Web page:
Speed, power, explosiveness not enough to halt Marquez
LAS VEGAS—Manny Pacquiao’s style is tailor-fit for Juan Manuel Marquez, Freddie Roach has determined long ago.
After his favorite ward held his own against Marquez in their first three fights, the Hall of Fame trainer simply had no doubts Saturday night that Pacquiao’s speed, power and explosiveness could still overwhelm the Mexican counterpuncher’s defenses.
But having emerged the winner in the second and third bouts by the slimmest of margins, it was paramount for Roach and Pacquiao to decisively break Marquez’s defensive arsenal in the fourth fight.
For a while there, they were successful as Pacquiao darted in and out while throwing more punches to take the first two rounds.
But old habits die hard and Marquez finally exploited a Pacquiao offensive lapse in which he tends to drop his guard after firing punches, according to several keen boxing observers of the Filipino’s career.
In his haste to dispose of Marquez, Pacquiao got tagged by a looping right and dropped to the canvas in the third round.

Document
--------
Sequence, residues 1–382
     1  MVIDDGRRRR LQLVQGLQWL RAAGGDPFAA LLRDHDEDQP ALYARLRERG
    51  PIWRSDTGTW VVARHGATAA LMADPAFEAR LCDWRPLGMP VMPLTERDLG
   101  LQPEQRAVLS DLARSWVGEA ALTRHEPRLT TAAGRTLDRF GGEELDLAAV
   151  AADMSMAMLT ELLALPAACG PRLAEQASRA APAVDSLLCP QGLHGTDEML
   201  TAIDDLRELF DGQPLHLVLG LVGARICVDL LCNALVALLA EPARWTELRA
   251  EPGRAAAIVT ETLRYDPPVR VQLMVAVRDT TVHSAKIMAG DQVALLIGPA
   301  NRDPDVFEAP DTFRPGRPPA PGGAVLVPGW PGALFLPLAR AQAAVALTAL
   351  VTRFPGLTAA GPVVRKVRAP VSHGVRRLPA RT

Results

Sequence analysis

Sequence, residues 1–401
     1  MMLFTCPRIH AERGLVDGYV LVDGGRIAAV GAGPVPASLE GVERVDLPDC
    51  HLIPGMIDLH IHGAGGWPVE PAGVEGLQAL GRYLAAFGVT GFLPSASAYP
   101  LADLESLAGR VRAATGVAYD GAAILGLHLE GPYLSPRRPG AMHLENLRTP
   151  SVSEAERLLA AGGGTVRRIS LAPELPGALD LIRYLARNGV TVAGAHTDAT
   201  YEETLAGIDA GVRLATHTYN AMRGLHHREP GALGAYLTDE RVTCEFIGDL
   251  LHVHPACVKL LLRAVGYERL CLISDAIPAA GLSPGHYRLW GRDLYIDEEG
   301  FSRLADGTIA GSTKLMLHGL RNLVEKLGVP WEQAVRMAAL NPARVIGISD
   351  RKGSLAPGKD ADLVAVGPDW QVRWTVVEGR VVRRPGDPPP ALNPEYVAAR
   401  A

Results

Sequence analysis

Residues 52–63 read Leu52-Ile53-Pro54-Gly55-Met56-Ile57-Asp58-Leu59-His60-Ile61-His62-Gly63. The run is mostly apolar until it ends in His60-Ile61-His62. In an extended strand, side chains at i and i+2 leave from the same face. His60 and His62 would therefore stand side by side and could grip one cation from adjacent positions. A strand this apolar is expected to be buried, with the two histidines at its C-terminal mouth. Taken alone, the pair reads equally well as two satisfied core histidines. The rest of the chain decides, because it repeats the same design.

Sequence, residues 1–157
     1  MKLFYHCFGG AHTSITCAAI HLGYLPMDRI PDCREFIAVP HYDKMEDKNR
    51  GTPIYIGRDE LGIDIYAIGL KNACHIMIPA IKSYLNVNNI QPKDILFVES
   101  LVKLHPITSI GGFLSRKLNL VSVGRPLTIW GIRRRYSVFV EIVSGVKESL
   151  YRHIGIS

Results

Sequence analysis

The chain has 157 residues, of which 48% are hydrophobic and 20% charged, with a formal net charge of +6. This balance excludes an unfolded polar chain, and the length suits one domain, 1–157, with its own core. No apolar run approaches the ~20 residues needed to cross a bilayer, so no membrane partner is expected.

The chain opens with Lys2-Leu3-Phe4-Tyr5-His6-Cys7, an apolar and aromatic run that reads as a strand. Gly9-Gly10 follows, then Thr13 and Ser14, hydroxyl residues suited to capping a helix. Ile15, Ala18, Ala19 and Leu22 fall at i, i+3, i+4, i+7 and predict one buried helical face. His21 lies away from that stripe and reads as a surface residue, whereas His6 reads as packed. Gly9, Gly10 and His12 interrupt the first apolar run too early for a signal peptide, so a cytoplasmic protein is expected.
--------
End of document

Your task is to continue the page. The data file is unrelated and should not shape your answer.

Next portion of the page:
Pacquiao, who came in at 147 lb during Friday’s weigh-in, managed to get up immediately and fight back, but Marquez saw something as he sat on his stool during the break: Pacquiao was being watered down, his eyes still glassy.
Marquez, who weighed 143 lb despite looking ripped, won the fourth round but it was his turn to be knocked down by Pacquiao’s left in the fifth round. The impact wasn’t that solid, but it was enough for a shaken Marquez to be given the count.
Pacquiao pressed his attack in the sixth, mainly focusing on Marquez’s bloody nose, and appeared to be on his way to easily winning the round until the Mexican unloaded the killer short, right counter that cut down the eight-division world champion like a log.
The victory rewarded Marquez with the WBO Champion of the Decade belt dangled for the non-title welterweight bout.
Roach’s fear that Pacquiao could turn out to be a sucker again to Marquez’s right if he doesn’t watch it turned out to be prophetic.
Asked why Marquez didn’t attack as he had promised, trainer Ignacio “Nacho” Beristain said in Spanish: “The finest boxers don’t go toe-to-toe.”
Interjecting, Marquez said: “I fight intelligently.”
With the way the fight turned out, Pacquiao can’t dispute that.
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